Figure 1 – ‘Wheatfield With a Reaper’, 1889 - The abundance of yellow color in paintings such as this one has been said to have been associated with yellow vision seen with Digitalis toxicity
Figure 2 – ‘The Starry Night’, 1889  - Turbulent flows and spirals used to represent stars have been linked to  ‘visual halos’ infamous in Digitalis toxicity
Figure 2 – ‘The Starry Night’, 1889  - Turbulent flows and spirals used to represent stars have been linked to  ‘visual halos’ infamous in Digitalis toxicity

While researchers believe there to be very little evidence of digitalis use in Van Gogh’s life, the association, at the very least, provides a useful mnemonic for medical students to familiarize themselves with the vision changes related to digitalis toxicity.

  • Digitalis

    Digitalis is a cardiac glycoside that primarily acts on the cardiac myocyte by inhibiting the Na+/K+ ATPase pump (outlined in Figure 3). Under normal conditions, this pump acts to exchange intracellular Na+ for K+. Therefore, blocking its activity results in an accumulation of intracellular Na+, which then allows the adjacent Na+/Ca2+ exchange channel to use the excess intracellular Na+ to bring in more Ca2+, resulting in a net increase in intracellular Ca2+ which acts as an inotrope for the cardiac cells.

Figure 3 – Mechanism of action of Digoxin/Digitalis on cardiac myocytes
Figure 3 – Mechanism of action of Digoxin/Digitalis on cardiac myocytes

Digitalis is said to purport its effects on vision through a similar mechanism. In this case, acting on Na+/K+ ATPase channels in the retina results in changes to the arrangement of rods and cones, thereby propagating the symptoms of ‘Xanthopsia’- a term used to describe a distortion in color perception with a tendency toward visualizing colored halos.

The presumption that Van Gogh was exposed to digitalis arose from the fact that, during those times, digitalis (extracted from the plant species, known commonly as the foxglove) may have been used to treat epilepsy. In fact, a plant resembling the foxglove was noted in Van Gogh’s portrait of his psychiatrist (Figure 4).

Figure 4 – Portrait of Dr. Gachet - Dr. Gachet, the psychiatrist, supposedly charged with the treatment of Van Gogh’s Epilepsy is seen painted here with a flower that intriguingly resembles the foxglove plant (from which Digitalis is derived)
Figure 4 – Portrait of Dr. Gachet - Dr. Gachet, the psychiatrist, supposedly charged with the treatment of Van Gogh’s Epilepsy is seen painted here with a flower that intriguingly resembles the foxglove plant (from which Digitalis is derived)

Worsening Mental State

Finally, great debate exists surrounding the cause for Van Gogh’s worsening mental state during the last years of his life. While everything from malnutrition to Acute Intermittent Porphyria has been implicated in the development of his cognitive decline, an interesting toxicological cause that may have been, at least in part, a culprit for his condition is lead poisoning.

  • Lead Poisoning

    The prevalence of lead-based paints in those times, coupled with Van Gogh’s peculiar consumption of oils and paint (pica), suggests both inhalation and ingestion as possible routes of lead exposure for Van Gogh. While exposure does not necessarily confirm poisoning in this case, some of Van Gogh’s evident neuropsychiatric decline does match the psychotic features associated with lead poisoning (also referred to as ‘Saturnism’). An outline of common manifestations of lead poisoning is mapped below (Figure 5)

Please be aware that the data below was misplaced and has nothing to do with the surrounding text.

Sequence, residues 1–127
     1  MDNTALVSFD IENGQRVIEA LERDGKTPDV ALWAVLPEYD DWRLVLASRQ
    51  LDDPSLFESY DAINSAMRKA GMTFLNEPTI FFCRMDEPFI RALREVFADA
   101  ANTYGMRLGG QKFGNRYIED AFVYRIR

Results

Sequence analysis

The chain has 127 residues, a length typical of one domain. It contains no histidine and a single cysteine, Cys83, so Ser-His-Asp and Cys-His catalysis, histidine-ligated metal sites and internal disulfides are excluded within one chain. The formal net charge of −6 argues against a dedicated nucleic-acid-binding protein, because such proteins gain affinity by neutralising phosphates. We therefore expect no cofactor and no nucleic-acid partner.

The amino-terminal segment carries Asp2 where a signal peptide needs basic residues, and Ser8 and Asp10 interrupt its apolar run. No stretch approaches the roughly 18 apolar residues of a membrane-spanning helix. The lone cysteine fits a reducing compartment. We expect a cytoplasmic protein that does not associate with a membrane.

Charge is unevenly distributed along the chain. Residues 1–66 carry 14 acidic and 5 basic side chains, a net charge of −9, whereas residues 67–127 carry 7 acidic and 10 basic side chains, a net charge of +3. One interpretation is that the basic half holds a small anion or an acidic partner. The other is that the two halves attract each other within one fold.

Figure 5 - Features of lead poisoning
Figure 5 - Features of lead poisoning

Conclusion

Since most of the information obtained on Van Gogh’s illness is extracted from unreliable accounts and excerpts of letters he wrote toward the end of his life, any causal association, toxicological or otherwise, would ultimately be pure conjecture. At the very least, however, the relations outlined above provide an educational insight into the possibilities and mechanisms by which the substances prevalent in Van Gogh’s lifestyle could, in part, be contributory to his tendencies and even his psychiatric disease.

References and Further Reading

  1. Gastaut H: La maladie de Vincent van Gogh envisagée a la lumière des conceptions nouvelles sur l épilepsie psychomotrice. Ann Méd Psychol (Paris) 1956; 114:196–238
  2. Hemphill RE (1961): The illness of Vincent van Gogh. Proc Roy Soc Med 54: 1083–1088
  3. Simonetti G. Simon & Schuster’s Guide to Herbs and Spices. New York: Simon & Schuster; 1990. pp. 261–262
  4. Hold K M, Sirisoma S I, Ikeda T, Narahashi T, Casida J E. Proc Natl Acad Sci USA. Alpha-thujone (the active component of absinthe): gamma-aminobutyric acid type A receptor modulation and metabolic detoxification. 2000;97:3826–3831
  5. Richter CP. Self-selection of diets. Essays in Biology. Berkeley, CA: University of California Press; 1943
  6. Vincent van Gogh: chemicals, crises, and creativity, Author: Wilfred Niels Arnold, Published by Birkhäuser, 1992
  7. Phelan WJ, 3rd. Camphor poisoning: over-the-counter dangers. Pediatrics 1976; 57:428–431, Klingensmith WR. Poisoning by camphor. J Am Med Assoc 1934; 102:2182–2183
  8. Pande TK, Pani S, Hiran S, Rao VVB, Shah H, Vishwanathan KA (1994) Turpentine poisoning: a case report. Forensic Sci Int 65: 47–49
Cite this article as: M. Anzal Rehman, "Learning from The Past," in International Emergency Medicine Education Project, August 7, 2019, https://iem-student.org/2019/08/07/learning-from-the-past/, date accessed: November 19, 2019